Two new theater organizations, Black Artists United (BAU) and Harmony Theatre Collective (HTC), are focusing on creating people of color-exclusive spaces for artists at Ithaca College and taking different approaches to address continuing racial issues in the Dillingham Center.
The first of these groups, BAU — previously named Black Femmes United — is committed to empowering Black students involved in performing and visual arts. The group provides a space for Black students to grow as artists and address issues facing the theater community at the college. The group was founded as Black Femmes United at the beginning of 2020 and was renamed to BAU in summer 2020 to include all Black students in the arts at the college.
The second, HTC, focuses on providing a space for Black, Indigenous and People of Color (BIPOC) students to perform, produce and write shows. While sharing many of the same goals as BAU, HTC started in Fall 2022 and is more centered around theater performance, while BAU acts more as a general affinity group for Black artists.
Both groups emerged after increasing racial tensions in the college’s theater programs during the 2019–20 academic year. Following an incident where a professor asked students to write the N-word and other racial slurs on a whiteboard, a group of students set up a display in the Dillingham Center titled “A Manifesto of Visibility,” which detailed examples of microaggressions and racially charged incidents occurring in Dillingham. BAU formed partly as a direct response to these events.
“Part of our charge, and part of what we came out of as an organization, is the need to organize structural empowerment for Black students in Dillingham and make sure that there are affinity spaces, educational spaces, spaces where you can just kind of, like, take a load off, chill, … because it can be very intense,” junior Achille Vann Ricca, co-president of BAU, said.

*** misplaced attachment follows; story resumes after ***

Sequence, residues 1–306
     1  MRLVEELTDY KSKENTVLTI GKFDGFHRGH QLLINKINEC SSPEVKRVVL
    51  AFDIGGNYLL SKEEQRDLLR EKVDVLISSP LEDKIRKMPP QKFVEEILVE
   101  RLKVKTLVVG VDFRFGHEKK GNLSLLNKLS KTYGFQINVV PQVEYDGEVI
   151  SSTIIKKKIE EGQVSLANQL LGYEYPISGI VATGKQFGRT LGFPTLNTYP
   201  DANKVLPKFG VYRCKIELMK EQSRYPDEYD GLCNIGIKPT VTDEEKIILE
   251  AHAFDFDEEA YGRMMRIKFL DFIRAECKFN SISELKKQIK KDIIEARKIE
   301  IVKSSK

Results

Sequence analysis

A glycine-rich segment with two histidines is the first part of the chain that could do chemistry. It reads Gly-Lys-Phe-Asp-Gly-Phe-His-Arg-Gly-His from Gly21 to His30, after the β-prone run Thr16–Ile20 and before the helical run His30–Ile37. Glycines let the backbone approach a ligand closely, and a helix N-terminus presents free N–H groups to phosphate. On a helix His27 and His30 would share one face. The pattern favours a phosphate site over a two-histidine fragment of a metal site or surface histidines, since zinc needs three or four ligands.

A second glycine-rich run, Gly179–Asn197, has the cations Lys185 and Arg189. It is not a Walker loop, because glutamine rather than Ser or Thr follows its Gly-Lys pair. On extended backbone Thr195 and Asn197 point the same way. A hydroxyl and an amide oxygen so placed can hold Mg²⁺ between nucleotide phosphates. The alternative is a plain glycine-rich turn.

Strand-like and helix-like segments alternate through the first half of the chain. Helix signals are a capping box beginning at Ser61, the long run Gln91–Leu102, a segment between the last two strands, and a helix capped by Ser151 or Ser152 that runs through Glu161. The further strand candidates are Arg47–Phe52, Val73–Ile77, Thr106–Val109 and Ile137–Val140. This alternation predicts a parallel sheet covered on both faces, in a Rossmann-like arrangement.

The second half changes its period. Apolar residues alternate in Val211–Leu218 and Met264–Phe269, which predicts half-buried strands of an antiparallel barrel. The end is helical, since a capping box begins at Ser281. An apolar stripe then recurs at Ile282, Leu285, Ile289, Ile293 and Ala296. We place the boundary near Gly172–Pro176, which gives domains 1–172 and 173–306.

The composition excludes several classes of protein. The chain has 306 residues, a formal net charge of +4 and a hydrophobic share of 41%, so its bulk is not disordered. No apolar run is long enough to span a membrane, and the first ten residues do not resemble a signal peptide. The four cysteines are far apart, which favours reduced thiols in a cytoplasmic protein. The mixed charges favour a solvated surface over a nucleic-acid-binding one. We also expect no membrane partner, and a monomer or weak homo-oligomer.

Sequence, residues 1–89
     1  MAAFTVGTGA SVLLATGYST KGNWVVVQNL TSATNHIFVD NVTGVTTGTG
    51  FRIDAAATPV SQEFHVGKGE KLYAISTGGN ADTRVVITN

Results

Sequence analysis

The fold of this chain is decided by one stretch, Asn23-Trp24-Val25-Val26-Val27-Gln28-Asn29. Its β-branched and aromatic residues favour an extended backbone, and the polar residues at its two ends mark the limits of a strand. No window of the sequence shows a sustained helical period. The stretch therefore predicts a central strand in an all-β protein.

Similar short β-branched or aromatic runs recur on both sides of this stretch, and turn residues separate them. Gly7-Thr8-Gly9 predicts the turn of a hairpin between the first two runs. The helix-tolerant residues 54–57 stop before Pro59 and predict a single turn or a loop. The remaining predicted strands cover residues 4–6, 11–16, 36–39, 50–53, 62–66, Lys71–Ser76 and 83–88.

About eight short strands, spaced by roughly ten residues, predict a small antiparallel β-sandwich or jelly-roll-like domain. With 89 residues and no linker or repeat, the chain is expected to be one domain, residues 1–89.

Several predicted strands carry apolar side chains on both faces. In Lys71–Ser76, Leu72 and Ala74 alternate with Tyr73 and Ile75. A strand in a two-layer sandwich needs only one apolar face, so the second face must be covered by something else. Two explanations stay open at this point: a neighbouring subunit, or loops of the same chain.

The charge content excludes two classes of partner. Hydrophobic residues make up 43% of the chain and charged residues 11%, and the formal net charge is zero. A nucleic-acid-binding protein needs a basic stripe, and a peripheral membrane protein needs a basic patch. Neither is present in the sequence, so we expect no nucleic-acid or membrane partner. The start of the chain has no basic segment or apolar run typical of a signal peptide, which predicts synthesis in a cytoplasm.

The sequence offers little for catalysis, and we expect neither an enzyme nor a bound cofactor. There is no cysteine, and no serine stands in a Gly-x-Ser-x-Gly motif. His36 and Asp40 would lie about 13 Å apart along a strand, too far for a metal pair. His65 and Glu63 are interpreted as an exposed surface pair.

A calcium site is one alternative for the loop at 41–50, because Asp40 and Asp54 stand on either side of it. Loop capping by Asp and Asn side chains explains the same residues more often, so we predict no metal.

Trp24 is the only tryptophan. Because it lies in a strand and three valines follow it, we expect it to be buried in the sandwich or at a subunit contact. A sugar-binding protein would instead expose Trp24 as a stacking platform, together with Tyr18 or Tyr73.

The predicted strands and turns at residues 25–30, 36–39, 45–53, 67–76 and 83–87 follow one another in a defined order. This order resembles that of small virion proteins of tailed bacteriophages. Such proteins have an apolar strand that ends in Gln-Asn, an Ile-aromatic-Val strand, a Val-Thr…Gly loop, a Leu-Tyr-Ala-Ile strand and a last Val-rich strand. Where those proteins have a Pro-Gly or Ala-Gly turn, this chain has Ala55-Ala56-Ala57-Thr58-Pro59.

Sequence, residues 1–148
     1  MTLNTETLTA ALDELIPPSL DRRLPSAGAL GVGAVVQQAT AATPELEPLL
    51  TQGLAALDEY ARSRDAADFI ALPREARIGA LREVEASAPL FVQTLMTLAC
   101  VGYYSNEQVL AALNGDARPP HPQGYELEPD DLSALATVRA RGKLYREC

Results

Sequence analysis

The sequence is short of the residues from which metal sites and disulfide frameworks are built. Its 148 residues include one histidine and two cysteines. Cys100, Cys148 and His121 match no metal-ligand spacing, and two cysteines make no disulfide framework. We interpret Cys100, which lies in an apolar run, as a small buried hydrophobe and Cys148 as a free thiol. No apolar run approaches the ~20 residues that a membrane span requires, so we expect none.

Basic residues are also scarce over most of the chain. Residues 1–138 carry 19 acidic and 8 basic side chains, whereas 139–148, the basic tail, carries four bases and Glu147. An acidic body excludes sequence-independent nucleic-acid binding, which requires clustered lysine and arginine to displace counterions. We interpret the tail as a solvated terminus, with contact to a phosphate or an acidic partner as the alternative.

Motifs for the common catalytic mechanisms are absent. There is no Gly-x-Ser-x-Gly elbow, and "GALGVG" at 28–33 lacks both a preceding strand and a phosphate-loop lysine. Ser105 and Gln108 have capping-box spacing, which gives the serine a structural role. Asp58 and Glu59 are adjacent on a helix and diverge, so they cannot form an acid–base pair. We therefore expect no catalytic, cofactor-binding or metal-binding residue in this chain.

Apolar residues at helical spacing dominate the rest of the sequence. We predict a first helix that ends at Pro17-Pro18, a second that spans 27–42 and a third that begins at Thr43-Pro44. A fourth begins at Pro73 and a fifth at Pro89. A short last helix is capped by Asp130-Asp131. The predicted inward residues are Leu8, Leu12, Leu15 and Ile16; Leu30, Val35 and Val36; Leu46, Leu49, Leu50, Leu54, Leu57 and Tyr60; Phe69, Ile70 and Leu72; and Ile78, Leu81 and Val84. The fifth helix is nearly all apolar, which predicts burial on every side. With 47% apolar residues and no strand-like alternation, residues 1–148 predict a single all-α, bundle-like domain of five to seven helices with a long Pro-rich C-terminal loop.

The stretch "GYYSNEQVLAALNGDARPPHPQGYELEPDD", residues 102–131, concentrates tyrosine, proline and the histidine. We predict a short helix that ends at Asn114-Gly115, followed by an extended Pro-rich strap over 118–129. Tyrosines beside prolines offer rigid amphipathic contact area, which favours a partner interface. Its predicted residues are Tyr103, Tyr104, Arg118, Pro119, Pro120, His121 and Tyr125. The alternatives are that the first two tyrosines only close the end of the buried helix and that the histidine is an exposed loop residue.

Co-founder Jessica Brock ’22 said BAU is also a resource for Black students to confide in each other, share experiences and offer advice on how to solve pressing issues.
“There would just be, like, such a trusting space there,” Brock said. “Whatever I said in that space, people would have my back, they would stick up for me, and they would give me sage advice.”
BAU was founded at Ithaca College and is still exclusive to the college, but the group is attempting to expand nationwide so that every college with a well-established theater program will have a BAU chapter, Brock said.
“I am hoping within the next five to 10 years, I would have the board presence to really spread [our] message nationally,” Brock said. “That way we can do huge gatherings in different cities, and when we get into the industry, we have safe spaces to connect when we go on Broadway and regional theater, film, television, things like that.”
Similarly to BAU, HTC was born out of a need for an exclusive space. The group was created after co-founders senior Cris Rabines and junior Olivia Celenza discussed their experiences participating in extracurricular theater productions done through clubs on campus.
“Especially since this is very much a predominantly white institution, you have strange experiences working with non-[people of color] sometimes,” Rabines said.
Celenza said HTC wants to create a safe and welcoming environment for BIPOC students involved in the theater world.
“I remember sometimes I would come home, like, you know, crying because I had a really rough day, … but I could always turn to my [people of color] friends to help me get through it,” Celenza said. “They were the ones that really understood.”